20 June 2010
An officially-sanctioned image of Our Lady of China was blessed, granted and promulgated by Pope Pius XI in 1928, in response to the requests made by the 1924 Shanghai Synod of Bishops in China, the first national conference of bishops in the country. Following the event, Archbishop Celso Costantini(剛恆毅), Apostolic Delegate in China, along with all the bishops of China, declared the Chinese people dedicated to Our Lady of China, using the official image. In 1941, Pope Pius XII designated the feast day as an official feast of the Catholic liturgical calendar. In 1973, following the Second Vatican Council, the Chinese Bishops conference, upon approval from the Holy See, placed the feast day on the vigil (day preceding) of Mothers Day (the second Sunday of May). Christian devotion to Our Lady of China has been popular in Donglu.
Several churches, chapels, and pastoral centers around the world, predominantly those focused on ministry to Chinese-speaking Catholics, have adopted the name, including a mission in Washington, DC. There is a mosaic of Our Lady of China in the National Shrine of the United States in Washington, DC, established and dedicated in 2002 under the Most Rev. Michael J. Bransfield. There has been some controversy because the image used in the Chapel is not the officially approved image of Our Lady of China, but instead uses the image of Our Lady of China and Baby Jesus painted by John Lu Hung Nien. The late Cardinal Thomas Tien Keng-Hsin, the first Chinese Cardinal, used this image for the prayer card for the persecuted in China, which was widely promoted in the U.S.A. and Canada. Critics have accused John Lu Hung Nien's image of the Virgin Mary, of resembling the Buddhist bodhisattva Guan Yin.
The Our Lady of Sheshan is another, similar apparition which has attained like acclamation and fame among Chinese Christians.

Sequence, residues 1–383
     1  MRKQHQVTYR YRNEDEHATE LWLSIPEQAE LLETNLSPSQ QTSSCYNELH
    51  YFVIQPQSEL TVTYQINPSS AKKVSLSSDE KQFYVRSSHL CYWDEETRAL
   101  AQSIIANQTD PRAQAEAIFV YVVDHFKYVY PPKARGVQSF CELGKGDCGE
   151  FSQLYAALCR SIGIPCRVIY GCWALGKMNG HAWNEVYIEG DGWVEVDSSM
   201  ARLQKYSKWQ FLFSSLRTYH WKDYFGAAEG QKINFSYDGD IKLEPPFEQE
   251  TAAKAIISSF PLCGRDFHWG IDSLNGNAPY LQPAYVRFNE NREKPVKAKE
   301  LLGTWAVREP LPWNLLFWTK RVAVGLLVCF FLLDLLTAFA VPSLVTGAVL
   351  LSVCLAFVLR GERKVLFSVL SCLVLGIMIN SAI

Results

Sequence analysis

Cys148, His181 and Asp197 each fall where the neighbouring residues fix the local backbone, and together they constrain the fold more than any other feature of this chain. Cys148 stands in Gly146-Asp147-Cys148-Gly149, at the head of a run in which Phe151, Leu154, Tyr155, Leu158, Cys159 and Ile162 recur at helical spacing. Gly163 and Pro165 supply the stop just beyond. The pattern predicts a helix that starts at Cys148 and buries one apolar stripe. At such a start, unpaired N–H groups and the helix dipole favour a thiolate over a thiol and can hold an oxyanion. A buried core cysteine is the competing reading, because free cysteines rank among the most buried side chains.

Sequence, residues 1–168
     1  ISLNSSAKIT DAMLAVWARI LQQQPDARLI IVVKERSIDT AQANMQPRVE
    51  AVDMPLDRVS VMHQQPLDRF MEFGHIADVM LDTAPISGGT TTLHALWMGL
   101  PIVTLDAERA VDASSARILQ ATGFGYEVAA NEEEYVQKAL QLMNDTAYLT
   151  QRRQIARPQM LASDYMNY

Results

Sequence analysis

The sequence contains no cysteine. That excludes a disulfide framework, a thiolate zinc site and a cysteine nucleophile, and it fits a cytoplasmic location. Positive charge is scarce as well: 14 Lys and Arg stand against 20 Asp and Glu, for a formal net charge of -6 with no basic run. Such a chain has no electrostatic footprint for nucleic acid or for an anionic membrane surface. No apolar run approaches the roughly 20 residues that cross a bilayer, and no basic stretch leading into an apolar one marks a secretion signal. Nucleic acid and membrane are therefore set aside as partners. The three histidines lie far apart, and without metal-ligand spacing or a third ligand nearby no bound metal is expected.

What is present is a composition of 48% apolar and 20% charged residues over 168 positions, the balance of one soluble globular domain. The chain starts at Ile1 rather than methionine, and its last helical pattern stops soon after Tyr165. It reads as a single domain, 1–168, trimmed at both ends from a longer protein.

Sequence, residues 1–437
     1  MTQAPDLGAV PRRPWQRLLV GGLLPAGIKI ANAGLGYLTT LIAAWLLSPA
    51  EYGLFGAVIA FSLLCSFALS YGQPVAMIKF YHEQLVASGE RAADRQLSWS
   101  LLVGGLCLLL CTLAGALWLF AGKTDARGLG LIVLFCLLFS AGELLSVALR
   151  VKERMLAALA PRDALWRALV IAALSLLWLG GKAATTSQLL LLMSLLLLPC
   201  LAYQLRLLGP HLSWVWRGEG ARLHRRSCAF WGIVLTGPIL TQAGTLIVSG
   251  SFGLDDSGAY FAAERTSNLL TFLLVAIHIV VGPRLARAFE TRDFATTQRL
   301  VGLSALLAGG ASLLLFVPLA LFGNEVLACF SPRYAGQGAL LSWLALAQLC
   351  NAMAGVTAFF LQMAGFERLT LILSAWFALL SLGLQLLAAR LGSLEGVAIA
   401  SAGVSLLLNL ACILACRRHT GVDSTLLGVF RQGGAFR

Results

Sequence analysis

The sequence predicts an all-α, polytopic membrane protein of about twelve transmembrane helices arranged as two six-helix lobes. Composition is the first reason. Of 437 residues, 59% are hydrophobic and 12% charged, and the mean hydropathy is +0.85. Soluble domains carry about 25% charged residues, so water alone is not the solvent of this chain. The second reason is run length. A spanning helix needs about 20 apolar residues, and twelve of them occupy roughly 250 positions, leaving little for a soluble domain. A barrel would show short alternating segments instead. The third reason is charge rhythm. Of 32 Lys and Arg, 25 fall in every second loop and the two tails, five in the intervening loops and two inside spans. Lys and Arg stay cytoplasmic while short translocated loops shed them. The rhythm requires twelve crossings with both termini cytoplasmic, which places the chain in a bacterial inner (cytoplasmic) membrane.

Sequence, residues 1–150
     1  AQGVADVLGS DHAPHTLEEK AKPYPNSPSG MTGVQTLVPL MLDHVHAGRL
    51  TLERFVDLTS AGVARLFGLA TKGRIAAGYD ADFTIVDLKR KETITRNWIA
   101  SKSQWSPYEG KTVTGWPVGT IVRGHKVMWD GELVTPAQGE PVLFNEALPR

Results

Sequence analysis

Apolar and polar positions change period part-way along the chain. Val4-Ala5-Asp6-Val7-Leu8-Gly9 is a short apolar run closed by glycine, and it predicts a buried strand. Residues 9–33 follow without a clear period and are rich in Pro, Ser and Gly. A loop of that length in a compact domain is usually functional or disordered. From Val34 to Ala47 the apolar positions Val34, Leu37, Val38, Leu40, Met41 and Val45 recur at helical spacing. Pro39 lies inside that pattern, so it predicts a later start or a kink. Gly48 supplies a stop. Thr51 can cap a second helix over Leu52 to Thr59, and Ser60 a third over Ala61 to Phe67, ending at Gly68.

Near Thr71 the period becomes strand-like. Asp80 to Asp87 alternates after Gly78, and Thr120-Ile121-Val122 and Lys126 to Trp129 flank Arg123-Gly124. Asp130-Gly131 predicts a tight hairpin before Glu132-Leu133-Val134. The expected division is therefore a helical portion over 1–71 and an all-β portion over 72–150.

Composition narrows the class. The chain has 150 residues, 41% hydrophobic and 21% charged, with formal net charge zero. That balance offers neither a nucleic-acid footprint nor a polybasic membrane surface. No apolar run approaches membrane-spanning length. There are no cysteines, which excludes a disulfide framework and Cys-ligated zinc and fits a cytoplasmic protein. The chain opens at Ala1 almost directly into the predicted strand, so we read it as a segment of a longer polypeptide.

Now in the Philippines, in the Chapel of Our Lady of China now in Binondo Church in the district of Binondo, Manila near in Manila Chinatown with the other devolties from the local Filipinos and the Chinese Filipinos to praying to the church of Our Lady of China here in the Philippines.
The She Shan Basilica (officially: Basilica of Our Lady of SheShan, simplified Chinese: 佘山进教之佑圣母大殿; pinyin: Shéshān jìnjiào zhī yòu shèngmǔ dàdiàn) is a Catholic church in Shanghai, China. The name comes from its location on the western peak of She Shan Hill, located in Songjiang District, to the west of Shanghai's metropolitan area and was at one time the destination of pilgrims from across Asia.
The official name of the church is the Church of the Holy Mother in China. The first church on She Shan hill was built in 1863. During the Taiping Rebellion, Jesuit missionaries bought a plot of land on the southern slopes of the hill. A derelict Buddhist monastery had stood on the site. The remaining buildings were demolished, and a small building was constructed as living quarters for missionaries, and a small chapel. At the peak of the hill (where the Maitreya hall had stood), a small pavilion was built in which was placed a statue of the Madonna.